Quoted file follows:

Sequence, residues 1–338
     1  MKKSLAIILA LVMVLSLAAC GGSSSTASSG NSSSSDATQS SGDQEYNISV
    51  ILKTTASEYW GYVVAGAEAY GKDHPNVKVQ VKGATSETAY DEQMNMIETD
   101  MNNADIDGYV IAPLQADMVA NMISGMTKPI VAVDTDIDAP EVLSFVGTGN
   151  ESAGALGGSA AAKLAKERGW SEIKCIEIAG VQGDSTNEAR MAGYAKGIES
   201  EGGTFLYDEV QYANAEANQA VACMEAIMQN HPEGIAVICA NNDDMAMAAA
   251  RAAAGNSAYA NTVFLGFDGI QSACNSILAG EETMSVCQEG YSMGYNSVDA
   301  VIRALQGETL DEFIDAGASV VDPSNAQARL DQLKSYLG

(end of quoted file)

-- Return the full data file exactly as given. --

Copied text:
Sequence, residues 1–338
     1  MKKSLAIILA LVMVLSLAAC GGSSSTASSG NSSSSDATQS SGDQEYNISV
    51  ILKTTASEYW GYVVAGAEAY GKDHPNVKVQ VKGATSETAY DEQMNMIETD
   101  MNNADIDGYV IAPLQADMVA NMISGMTKPI VAVDTDIDAP EVLSFVGTGN
   151  ESAGALGGSA AAKLAKERGW SEIKCIEIAG VQGDSTNEAR MAGYAKGIES
   201  EGGTFLYDEV QYANAEANQA VACMEAIMQN HPEGIAVICA NNDDMAMAAA
   251  RAAAGNSAYA NTVFLGFDGI QSACNSILAG EETMSVCQEG YSMGYNSVDA
   301  VIRALQGETL DEFIDAGASV VDPSNAQARL DQLKSYLG